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Scanning Probe Platform

The development of scanning probe techniques is one of the most significant events in the surface science field in recent times, and opened up many new areas of science and engineering at the atomic and molecular level.

Scanning probe microscopy (SPM) platform. This compact SPM can be mounted inside the electron microscope. Modes of operation: scanning tunneling microscopy (STM), scanning tunneling luminescence (STL), atomic force microscopy (AFM), electroluminescence mapping (EL).

We have greatly enhanced the utility of the scanning electron microscope (SEM) by combining it with scanning probe microscopy (SPM), in a scanning probe microscopy platform. We have integrated an SPM system inside an electron microscope to create a platform of new capabilities. These capabilities allow better-controlled manipulation of nanostructures or selection of an area for high-precision observation. This platform is compatible with a helium closed-circuit cryostat and fully accessible to the optics of cathodoluminescence (CL) detectors.

The scanning probe platform is based on a nanopositioning system with closed-feedback electronics for higher accuracy. An assembly of high thermal conductivity copper braids coupled to a low-vibration closed-circuit cryostat provides variable temperature (50-300 K). Modes of operation include scanning tunneling microscopy (STM) and atomic force microscopy (AFM). Force sensors are based on self-sensing and self-actuating piezoelectric tuning forks.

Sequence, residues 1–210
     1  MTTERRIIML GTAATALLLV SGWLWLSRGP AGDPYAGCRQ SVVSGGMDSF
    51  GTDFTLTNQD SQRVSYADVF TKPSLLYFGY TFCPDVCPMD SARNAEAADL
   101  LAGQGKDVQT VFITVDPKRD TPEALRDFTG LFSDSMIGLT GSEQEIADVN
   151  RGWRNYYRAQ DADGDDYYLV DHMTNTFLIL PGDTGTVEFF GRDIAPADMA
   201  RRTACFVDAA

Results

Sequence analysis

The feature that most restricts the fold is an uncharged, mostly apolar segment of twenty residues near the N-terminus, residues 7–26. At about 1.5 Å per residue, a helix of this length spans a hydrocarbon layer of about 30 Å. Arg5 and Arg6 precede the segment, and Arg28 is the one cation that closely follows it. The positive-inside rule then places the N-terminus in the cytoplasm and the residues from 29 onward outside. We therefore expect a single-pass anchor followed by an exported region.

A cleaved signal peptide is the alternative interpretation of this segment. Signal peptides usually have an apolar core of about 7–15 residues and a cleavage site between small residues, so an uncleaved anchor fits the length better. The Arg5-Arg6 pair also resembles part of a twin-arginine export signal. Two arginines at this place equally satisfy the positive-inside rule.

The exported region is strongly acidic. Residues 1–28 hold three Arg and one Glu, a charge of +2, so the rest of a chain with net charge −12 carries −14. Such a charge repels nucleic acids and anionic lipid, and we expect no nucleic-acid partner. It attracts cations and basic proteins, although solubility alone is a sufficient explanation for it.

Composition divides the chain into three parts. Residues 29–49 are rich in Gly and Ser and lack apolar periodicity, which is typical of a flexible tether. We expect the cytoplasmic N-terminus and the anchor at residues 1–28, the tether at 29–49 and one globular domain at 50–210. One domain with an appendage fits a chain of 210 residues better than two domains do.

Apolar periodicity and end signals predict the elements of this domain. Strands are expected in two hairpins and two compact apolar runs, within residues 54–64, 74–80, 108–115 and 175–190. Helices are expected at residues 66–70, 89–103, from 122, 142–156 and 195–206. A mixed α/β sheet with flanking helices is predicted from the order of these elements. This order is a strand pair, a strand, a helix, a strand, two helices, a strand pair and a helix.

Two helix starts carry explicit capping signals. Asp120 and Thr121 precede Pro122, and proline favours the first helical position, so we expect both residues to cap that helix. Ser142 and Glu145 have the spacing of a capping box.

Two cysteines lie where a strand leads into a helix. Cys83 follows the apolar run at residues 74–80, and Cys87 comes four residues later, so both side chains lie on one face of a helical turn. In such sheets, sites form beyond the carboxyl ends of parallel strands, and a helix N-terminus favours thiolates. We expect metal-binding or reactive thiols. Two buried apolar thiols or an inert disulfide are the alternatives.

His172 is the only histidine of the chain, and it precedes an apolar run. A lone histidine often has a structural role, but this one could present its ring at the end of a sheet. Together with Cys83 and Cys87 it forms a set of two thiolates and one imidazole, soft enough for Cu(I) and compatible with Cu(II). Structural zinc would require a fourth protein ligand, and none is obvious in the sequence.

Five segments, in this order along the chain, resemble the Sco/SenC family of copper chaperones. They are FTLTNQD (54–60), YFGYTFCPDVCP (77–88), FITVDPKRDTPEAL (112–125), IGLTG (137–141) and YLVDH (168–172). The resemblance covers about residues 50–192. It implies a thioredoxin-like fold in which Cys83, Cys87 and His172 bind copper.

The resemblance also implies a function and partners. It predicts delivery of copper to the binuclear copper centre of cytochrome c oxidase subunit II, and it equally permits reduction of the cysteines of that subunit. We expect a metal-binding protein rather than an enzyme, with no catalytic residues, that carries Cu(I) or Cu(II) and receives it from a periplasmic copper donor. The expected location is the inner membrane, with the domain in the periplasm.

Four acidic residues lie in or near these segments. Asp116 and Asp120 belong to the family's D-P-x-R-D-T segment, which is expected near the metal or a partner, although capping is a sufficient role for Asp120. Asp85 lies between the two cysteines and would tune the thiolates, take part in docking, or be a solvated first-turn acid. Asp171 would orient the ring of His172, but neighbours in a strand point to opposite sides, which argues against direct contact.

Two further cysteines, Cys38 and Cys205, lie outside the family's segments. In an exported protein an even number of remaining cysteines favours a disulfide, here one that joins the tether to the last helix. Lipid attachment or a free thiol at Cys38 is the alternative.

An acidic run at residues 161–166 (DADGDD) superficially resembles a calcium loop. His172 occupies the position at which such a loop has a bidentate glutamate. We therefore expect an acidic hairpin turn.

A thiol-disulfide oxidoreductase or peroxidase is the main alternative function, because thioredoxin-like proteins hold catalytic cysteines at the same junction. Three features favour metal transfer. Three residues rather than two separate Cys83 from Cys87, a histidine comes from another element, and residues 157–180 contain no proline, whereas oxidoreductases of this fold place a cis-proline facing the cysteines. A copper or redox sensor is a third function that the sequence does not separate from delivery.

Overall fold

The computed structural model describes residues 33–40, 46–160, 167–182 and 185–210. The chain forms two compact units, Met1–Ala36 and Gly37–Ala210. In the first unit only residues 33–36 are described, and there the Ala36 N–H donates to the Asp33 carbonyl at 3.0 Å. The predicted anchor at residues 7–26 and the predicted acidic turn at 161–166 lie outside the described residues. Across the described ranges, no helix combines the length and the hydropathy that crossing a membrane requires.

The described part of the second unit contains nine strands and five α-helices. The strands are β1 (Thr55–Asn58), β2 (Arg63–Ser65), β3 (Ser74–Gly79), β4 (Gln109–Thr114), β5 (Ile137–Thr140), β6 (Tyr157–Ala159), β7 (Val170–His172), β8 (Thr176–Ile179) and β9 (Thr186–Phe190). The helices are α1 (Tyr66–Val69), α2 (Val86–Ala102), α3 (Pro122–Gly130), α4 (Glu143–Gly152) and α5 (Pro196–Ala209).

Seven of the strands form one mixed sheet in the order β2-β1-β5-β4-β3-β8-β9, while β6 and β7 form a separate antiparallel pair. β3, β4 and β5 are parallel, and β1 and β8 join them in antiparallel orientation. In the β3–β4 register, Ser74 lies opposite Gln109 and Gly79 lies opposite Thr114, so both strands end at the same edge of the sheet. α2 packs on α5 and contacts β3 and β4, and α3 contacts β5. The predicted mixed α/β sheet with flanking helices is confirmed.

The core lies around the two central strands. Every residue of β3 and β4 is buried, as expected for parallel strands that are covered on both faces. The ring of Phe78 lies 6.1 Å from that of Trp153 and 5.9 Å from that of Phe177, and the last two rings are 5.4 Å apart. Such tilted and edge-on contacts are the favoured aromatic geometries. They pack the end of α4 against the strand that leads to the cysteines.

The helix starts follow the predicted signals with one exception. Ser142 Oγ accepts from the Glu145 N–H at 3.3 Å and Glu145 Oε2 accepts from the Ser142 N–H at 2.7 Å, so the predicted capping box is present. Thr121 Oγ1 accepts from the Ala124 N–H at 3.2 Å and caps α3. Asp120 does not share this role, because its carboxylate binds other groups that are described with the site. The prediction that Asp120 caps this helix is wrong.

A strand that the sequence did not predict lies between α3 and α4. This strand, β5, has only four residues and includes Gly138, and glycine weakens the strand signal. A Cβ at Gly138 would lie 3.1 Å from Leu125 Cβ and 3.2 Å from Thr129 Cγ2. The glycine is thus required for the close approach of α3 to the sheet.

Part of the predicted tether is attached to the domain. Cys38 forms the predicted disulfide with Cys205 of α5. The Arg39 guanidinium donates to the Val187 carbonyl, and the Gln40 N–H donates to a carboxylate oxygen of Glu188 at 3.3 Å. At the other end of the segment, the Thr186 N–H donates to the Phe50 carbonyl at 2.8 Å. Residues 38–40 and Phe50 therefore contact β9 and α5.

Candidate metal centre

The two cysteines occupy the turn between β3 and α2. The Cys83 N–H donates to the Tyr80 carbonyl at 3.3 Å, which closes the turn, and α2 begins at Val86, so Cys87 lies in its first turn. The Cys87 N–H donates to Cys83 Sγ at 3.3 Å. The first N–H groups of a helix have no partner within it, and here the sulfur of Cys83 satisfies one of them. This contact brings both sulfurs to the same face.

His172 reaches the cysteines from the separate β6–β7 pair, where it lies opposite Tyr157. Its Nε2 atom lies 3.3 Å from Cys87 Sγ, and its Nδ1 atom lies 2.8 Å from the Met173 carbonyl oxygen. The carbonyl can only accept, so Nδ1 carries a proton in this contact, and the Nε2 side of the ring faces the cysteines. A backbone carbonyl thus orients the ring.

Modes of Operation

We have developed four innovative modes of operation combining SPM and electron microscopy:

Scanning tunneling luminescence (STL). Assesses nanostructures. Based on STM, luminescence is stimulated by recombination of tunneling electrons. In conductors, the observed emission is caused by deexcitation of surface plasmons (SPs) — collective oscillations of free electrons. In semiconductors, photons are emitted by recombination of electrons with available holes or vice versa (unipolar conditions) or by impact ionization (bipolar conditions), depending on the voltage applied to the tip. Photon maps with unprecedented resolution have been obtained when synchronizing the scanning of the tip with the detection of the luminescence. As a proof of principle, we have resolved individual quantum dots of 2-5 nm in diameter by using STL.

Lateral transport. Used for investigating grain boundaries. Based on a combination of STM and SEM, electrons (holes) excited by the electron beam at specific locations are detected through the STM tip allowing lateral electron diffusion to be measured.

Electroluminescence (EL) mapping. Assesses diodes. Based on conductive atomic force microscopy, EL applies an external bias to cause individually injected current pulses to be visible during intermittent contact of the oscillating and conducting tip. It follows that EL can be stimulated by this current during the contact cycle. Maps of the EL and current can be acquired simultaneously. Acquisition of the local L-V characteristic and EL spectrum are possible.